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Brazil Mobility Spotlight

Brazil Mobility Spotlight

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Published by Dan Tree Swinhoe

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Published by: Dan Tree Swinhoe on Aug 18, 2012
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South America
BRAZIL : SPTLIGHT
Mobility in Brazil
 The Brazilian mobile device market is booming. Mobile phone penetration levels are reported to be well over 100%[Source: Wireless Intelligence]. However, a 2011 Nielsen report into global youth mobile ownership shows the country
has a high level of multiple subscriptions among the younger generation, which have skewed the true gures. Despite
the size of this market, mobility in the workplace has yet to be investigated. To rectify this, in June we interviewed a
select group of 33 IT and business professionals to gain an insight into Brazilian mobility within the ofce. The results,
though small, help provide a greater understanding of business mobile use in Brazil.
“% of Brazilians who own a smartphone”,
[source: IDG Connect & US Media Consulting]
Business & IT professionals
 
[work and/or personal]National average
88%14%
Findings: A Picture of Smartphones
Nationally smartphone adoption is low, around the 15% mark [Source: US Media Consulting], yet within our select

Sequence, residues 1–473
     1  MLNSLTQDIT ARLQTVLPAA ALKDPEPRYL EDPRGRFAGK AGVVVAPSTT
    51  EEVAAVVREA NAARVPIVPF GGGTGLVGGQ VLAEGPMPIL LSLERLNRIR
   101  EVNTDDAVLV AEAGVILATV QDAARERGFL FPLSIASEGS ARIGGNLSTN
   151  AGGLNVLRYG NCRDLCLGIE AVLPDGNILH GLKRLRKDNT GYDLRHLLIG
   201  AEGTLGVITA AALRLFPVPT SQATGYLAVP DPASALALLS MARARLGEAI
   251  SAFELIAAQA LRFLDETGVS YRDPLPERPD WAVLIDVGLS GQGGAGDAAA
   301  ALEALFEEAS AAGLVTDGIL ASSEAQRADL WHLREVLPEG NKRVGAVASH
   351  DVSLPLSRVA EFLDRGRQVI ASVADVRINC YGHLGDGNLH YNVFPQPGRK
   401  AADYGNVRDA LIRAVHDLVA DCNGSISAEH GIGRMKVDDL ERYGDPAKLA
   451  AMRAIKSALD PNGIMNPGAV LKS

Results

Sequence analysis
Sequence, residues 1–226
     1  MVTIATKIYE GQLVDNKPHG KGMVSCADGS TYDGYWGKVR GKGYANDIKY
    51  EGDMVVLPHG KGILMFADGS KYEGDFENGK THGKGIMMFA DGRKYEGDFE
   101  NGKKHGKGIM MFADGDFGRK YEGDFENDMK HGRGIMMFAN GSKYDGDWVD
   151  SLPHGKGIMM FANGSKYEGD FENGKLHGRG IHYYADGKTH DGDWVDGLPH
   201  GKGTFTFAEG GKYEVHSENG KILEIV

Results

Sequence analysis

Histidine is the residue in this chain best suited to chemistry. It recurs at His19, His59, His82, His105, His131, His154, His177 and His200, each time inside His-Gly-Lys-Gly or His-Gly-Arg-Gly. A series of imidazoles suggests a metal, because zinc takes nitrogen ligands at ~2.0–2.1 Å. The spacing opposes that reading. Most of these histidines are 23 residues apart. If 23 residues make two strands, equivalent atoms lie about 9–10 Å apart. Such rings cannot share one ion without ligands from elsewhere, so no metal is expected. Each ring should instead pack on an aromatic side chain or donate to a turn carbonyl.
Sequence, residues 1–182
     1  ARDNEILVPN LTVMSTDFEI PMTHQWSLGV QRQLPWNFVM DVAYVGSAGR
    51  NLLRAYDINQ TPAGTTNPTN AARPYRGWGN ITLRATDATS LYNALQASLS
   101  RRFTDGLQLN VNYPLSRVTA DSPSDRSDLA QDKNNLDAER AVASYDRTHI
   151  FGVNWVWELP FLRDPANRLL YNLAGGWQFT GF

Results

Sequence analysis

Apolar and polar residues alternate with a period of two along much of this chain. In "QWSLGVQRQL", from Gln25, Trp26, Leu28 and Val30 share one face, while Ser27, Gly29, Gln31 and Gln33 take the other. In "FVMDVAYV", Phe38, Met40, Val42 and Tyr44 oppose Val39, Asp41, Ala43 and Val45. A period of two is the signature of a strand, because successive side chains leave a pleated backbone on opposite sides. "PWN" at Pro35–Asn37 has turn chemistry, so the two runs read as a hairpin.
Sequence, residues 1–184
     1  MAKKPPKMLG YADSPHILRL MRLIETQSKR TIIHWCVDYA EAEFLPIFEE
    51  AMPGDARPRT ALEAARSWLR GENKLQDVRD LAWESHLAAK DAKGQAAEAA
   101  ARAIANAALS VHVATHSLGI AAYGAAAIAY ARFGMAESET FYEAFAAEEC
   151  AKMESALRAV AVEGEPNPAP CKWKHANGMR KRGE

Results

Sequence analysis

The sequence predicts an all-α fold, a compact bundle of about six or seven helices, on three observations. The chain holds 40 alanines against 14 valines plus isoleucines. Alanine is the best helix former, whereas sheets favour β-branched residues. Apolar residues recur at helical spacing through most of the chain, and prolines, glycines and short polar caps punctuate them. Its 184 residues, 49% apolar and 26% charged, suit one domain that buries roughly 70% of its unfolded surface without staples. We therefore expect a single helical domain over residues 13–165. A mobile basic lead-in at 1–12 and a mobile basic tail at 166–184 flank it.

study, the gure rose to almost 90%. This sample though relatively small, helps paint a picture of the business
environment within Brazil, and should pave the way for future research in this area.Just under half of participants only owned a personal phone, while 40% had both. A surprisingly high number (15%)only owned a work phone, and that only one participant did not have any sort of mobile device is indicative of Brazil’swholesome adoption of mobile phones in general. Android proved the most popular choice across the survey, but as abusiness choice the split was far more evenly divided. Of those that had both a work and personal phone, half ownedthe same type of device for both.
20112012
125%145%
2010
“Brazil’s mobile subcription rate - end 2011: 125%, Predicted - end 2012: 145%”,
[source: Wireless Intelligence & Budde]
18%
“% of business and IT professionals don’t own a personal phone” 
, [source: IDG Connect]
 
South America
Findings: A Picture of Tablets